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Monday, November 15, 2021

Ways to Avoid Probate in Michigan

Probate is the process by which a court facilitates the distribution of a deceased person’s assets. Unfortunately, however, the probate process is often long, expensive, and confusing. Therefore, one of the primary goals of estate planning for most people is the avoidance of probate. In this article, we discuss some of the ways to avoid probate in Michigan.

Living Trusts

A living trust is a legal document that places your assets in trust for your benefit during your lifetime, and it details where you'd like these assets to go upon your death. To create a living trust, you must create a trust document and name someone to act as trustee after your death. Next, you must transfer ownership of the property you wish to place in the trust to yourself as the trustee. After you’ve done this, the property will be subject to the terms of the trust, and your successor trustee will distribute it to the trust’s beneficiaries after your passing without the involvement of the probate court.

Joint Ownership

If you own property jointly with another person, and this ownership includes the right of survivorship, then the property will automatically pass to the surviving owner when the other owner passes away. Property that is transferred in this manner doesn’t have to go through the probate process. In Michigan, the following forms of joint ownership are available:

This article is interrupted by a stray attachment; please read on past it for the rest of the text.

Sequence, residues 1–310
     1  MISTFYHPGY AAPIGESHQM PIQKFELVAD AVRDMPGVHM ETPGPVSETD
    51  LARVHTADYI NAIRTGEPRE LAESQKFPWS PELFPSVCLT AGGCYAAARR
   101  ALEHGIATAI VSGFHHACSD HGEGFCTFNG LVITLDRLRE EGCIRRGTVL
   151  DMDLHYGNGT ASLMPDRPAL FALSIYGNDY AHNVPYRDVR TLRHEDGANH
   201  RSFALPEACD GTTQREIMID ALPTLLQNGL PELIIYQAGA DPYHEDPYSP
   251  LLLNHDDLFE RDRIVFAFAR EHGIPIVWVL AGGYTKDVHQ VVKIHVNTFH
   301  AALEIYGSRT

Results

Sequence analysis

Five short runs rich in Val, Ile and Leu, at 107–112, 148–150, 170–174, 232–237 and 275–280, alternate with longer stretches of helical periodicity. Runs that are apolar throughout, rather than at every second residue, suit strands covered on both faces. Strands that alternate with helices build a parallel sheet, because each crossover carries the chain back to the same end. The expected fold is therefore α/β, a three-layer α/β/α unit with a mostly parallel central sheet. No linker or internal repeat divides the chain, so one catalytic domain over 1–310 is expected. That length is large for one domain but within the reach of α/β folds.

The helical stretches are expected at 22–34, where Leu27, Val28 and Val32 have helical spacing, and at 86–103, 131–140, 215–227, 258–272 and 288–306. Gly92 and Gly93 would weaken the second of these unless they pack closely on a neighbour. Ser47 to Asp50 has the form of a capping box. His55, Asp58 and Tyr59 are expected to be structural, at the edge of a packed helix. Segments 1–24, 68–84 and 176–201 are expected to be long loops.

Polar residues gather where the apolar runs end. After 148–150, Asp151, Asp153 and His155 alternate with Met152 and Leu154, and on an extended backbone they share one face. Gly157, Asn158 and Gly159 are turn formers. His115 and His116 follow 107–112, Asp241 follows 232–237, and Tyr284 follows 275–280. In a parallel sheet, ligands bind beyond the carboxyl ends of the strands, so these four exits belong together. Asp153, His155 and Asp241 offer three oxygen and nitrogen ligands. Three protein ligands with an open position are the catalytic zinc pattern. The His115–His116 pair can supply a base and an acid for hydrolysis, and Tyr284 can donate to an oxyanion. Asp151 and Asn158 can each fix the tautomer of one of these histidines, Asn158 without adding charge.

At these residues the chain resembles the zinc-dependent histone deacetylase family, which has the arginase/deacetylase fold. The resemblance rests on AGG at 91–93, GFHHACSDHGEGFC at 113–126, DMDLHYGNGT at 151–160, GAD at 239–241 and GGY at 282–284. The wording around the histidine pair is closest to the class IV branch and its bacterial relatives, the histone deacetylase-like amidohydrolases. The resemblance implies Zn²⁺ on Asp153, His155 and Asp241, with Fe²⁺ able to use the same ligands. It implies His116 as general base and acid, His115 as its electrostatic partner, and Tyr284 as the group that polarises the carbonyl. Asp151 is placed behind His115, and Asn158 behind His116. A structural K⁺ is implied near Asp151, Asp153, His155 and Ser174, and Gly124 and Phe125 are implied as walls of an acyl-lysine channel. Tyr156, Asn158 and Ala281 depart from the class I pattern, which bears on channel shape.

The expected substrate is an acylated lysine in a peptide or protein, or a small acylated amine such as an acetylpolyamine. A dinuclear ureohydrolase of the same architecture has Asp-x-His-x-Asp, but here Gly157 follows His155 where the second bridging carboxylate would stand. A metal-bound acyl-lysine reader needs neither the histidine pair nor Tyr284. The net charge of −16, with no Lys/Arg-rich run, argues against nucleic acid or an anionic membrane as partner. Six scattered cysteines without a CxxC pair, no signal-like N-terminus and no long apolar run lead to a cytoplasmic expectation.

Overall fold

• Joint tenancy: Property that is owned in joint tenancy automatically passes to the surviving owner or owners when one owner dies
  • Tenancy by the entirety: This type of joint ownership is similar to joint tenancy, except it is only available to married couples

Payable-on-Death Designations

In Michigan, a party can add a payable-on-death (POD) designation to certain types of accounts. When a person does so, he or she still controls all the money in the account, and the account’s beneficiary has no rights to the funds while the owner of the account is still alive. Upon the owner’s death, however, the beneficiary can claim the money directly from the bank without going through the probate court.

Transfer-on-Death Registration

In addition to adding a POD designation to a bank account, Michigan allows for the registration of stocks and bonds in transfer-on-death (TOD) form. When a person registers an account in TOD form, the beneficiary he or she names will inherit the account automatically upon the account owner’s death. Like the other estate planning instruments in this list, this type of transaction doesn’t require probate.

Contact a Michigan Estate Planning Attorney

If you want to help your family avoid the time, cost, and expense associated with the probate process, you should contact an experienced Michigan estate planning attorney for assistance. At Keating Law, PLC, attorney Thomas Keating will utilize his over two decades of estate planning experience to craft an estate plan that addresses the unique needs of you and your family while taking the steps necessary to avoid the probate process. Please contact us today to schedule a free initial consultation.


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